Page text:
ancient samarkandFor a picturesque scene from Samarkand’s Islamic revival, visit the charming shrine complex Khodja Abdi Darun in the southeast of the city. It is associated with the name of ninth century Arab jurist Abd al-Mazeddin (Khodja denotes one who has made the pilgrimage to Mecca). Seljuk Sultan Sanjar erected this ancient Samarkand mausoleum for himself in the 12th century, rebuilt by Ulug Beg in the 15th century behind a khanagha with portal and dome.

In the 19th century a mosque and madrassah completed the ensemble set around a large hauz (pool). Four ancient chinor trees throw dappled light onto the water as young boys attend Koran classes and old men pray beneath the colourful wooden man. The complex stands in a cemetery where a new madrassah is under construction. Nearby are fragments of the city wall, hence the mausoleum’s title Abdi Darun, (the inner Abd), compared to al-Mazeddin’s other mausoleum  Abdi Birun, (the outer Abd), far beyond the walls in a southern suburb.

Bukharan vizier Nadir Divanbegi is credited with building the latter in 1633 and, as in his other works, the tiling borrows from earlier floral and geometric styles. Ongoing restoration is refreshing these patterns on the portal and dome above the mausoleum chamber, while the donations of the faithful rebuild the adjacent mosque complex. Tell the taxi driver Lenin Byrogi Kolkhoz (Lenin’s Flag Collective Farm). To reach Abdi Darun, take bus No. 14 or marshrutka taxi No. 83, to the Andijan/Sadriddin Ayni junction.


Over the road from Abdi Darun lies the noble desolation of the Ishrat Khana, or House of Joy. Legend suggests a wife of Tamerlane built it as her tomb, but it became a pleasure palace once the ruler embraced her in awe at its beauty. The vanished opulence of its interior decor explains the joyous epithet—gold leaf, multicolour mosaic and stained glass—yet it was built as a mausoleum in 1464 by the wife of Tamerlane’s (Amir Temur) great-grandson Abu Said for their favourite daughter. Over 20 tombstones of Timurid women and children occupy the crypt. Above ground the impressive portal, a survivor of the 1904 earthquake that claimed the high turquoise dome, leads to a cruciform hall once flanked by two-storey galleries. Two of four spiral staircases still permit a rooftop panorama.


After the Koran, the book most revered by Muslims is the collection of Hadith (sayings of the Prophet Mohammed) selected by, among others, Abu Abdullah Mohammed ibn Ismail Imam Al-Bukhari. Born in Bukhara in 810, the young boy showed a precocious talent for memorizing the traditions of Mohammed. At 16 he accompanied his mother and brother on the hajj pilgrimage to Mecca. They returned home without him, for Al-Bukhari was set on his chosen task of roaming the Islamic world in search of Hadith. His 97-book masterpiece took 16 years to compile from over 600,000 traditions, gathered from over 1,000 sheikhs. He would not insert a text without first washing and praying. In addition to Mohammed’s life, Al-Bukhari explained the creation of heaven and hell.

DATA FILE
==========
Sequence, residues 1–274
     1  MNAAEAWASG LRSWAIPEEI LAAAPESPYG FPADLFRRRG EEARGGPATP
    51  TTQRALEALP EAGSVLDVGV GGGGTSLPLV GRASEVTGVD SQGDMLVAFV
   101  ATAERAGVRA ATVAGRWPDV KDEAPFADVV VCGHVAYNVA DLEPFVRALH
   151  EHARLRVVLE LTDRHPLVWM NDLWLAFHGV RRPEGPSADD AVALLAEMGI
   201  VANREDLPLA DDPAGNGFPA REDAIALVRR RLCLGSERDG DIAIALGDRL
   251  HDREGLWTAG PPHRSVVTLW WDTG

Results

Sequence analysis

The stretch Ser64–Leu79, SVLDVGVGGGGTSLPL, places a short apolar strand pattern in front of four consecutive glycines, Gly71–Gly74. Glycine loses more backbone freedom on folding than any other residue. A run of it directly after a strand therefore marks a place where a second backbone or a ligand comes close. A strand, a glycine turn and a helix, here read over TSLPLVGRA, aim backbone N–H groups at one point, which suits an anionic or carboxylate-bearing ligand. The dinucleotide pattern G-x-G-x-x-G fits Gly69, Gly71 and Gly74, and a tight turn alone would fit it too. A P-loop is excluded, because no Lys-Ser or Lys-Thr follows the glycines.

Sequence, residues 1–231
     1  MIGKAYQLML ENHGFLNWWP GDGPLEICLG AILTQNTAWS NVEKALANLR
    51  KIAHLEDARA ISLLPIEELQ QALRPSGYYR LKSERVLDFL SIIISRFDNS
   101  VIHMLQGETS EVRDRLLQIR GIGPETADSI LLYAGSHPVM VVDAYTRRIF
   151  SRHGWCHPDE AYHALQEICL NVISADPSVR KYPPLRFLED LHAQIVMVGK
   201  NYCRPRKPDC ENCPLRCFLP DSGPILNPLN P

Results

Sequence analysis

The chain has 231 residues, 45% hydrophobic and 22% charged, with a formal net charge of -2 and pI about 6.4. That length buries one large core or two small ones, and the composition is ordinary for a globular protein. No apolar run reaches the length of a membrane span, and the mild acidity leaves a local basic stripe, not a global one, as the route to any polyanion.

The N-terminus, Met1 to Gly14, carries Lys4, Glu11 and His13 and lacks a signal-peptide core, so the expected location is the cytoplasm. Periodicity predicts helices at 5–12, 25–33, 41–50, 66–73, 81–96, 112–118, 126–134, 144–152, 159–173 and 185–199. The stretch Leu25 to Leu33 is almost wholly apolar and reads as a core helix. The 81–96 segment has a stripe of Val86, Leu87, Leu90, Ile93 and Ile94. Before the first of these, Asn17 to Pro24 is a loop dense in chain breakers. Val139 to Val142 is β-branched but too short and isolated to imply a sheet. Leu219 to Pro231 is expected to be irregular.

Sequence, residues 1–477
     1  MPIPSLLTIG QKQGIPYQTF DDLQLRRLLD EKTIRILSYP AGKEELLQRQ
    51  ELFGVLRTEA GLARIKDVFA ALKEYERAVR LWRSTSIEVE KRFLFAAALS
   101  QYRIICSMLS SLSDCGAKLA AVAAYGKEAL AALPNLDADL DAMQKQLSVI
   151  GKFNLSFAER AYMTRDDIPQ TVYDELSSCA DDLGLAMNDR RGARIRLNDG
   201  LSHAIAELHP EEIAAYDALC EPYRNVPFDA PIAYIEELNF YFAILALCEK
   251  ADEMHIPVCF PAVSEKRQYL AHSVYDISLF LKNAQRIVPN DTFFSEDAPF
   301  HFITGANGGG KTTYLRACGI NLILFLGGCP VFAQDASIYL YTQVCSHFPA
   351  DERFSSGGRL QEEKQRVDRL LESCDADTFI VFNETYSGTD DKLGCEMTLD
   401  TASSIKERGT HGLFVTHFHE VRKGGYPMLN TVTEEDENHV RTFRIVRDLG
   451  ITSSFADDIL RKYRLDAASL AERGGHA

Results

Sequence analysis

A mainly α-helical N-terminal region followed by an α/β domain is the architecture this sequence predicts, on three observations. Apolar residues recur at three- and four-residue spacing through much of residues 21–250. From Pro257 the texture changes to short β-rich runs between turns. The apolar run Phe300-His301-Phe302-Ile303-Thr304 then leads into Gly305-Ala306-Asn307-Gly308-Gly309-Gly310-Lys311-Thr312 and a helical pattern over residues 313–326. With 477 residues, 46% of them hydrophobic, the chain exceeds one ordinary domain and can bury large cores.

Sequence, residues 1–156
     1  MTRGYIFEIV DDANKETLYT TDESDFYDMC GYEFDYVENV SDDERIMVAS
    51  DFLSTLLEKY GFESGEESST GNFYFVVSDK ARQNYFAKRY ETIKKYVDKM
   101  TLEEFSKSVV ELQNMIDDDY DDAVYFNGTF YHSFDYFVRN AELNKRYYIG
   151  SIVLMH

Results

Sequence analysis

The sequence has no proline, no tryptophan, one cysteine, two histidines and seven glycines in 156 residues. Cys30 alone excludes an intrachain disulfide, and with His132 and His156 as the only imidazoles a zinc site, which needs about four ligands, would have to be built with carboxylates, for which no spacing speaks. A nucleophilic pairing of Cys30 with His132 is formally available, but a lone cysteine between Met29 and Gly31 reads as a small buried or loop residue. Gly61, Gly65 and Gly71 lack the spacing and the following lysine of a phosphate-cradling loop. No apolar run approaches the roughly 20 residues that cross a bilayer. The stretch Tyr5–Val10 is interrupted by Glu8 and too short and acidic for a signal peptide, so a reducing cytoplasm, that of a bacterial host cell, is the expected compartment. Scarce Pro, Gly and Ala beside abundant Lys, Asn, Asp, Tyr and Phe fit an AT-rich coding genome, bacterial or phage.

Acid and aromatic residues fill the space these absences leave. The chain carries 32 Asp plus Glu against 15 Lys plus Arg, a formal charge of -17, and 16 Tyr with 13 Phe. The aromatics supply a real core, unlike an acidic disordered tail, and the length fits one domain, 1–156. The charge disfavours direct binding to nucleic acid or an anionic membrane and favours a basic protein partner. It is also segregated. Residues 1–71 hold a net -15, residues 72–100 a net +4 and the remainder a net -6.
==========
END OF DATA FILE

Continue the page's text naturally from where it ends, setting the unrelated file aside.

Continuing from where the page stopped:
Though his veracity and peerless knowledge were recognized in his lifetime, his popularity and independent spirit drew enemies in Persia that forced him back to Bukhara. Al-Bukhari wished to keep learning open to all who attended his mosque, so he refused private tuition for the Bukharan governor’s children. “Knowledge should not go to the pupils,” he said, “but the pupil must seek out knowledge.” His subsequent expulsion brought him to the village of Hartang outside Samarkand. Depressed by his treatment, the old master was heard one night in 870 to pray for God to release him. Within a month he was dead.

Centuries of research have confirmed Al-Bukhari’s work as the most reliable and respected collection of Hadith. As he never attached himself to a particular school, his mausoleum attracts pilgrims from around the world. Today one sees a complex dating back at most 200 years. Ongoing renovation expands this place of worship into a centre for international scholarship, though the bright restoration is not to every visitor’s taste. All visitors must dress conservatively (women must cover their heads) and request permission at the entrance. Reception and prayer rooms are spread around a hauz shaded by chinor trees. Through an archway beside the minaret is Al-Bukhari’s tomb, beneath a blue-domed mausoleum.

The Samarkand mausoleum is 25 kilometres (15 miles) north of Samarkand in Khodja Ismail Kishlak. To reach it take a tour, hire a taxi or enquire about pilgrim buses at the station. En route, between the Black and White Rivers, is the Machtumi Azam complex in Dakhbed village. The name is an alternative for Sheikh Khodja Mohammed Kasani, a devout follower of Bukhara’s Naqshbandi, who died here in 1542 aged 81. The large mosque, now heavily restored, was first built in 1613 by Yalangtush Bahadur, the Shaybanid ruler of Samarkand, said to rest in the raised dakhma of marble gravestones in the cemetery behind.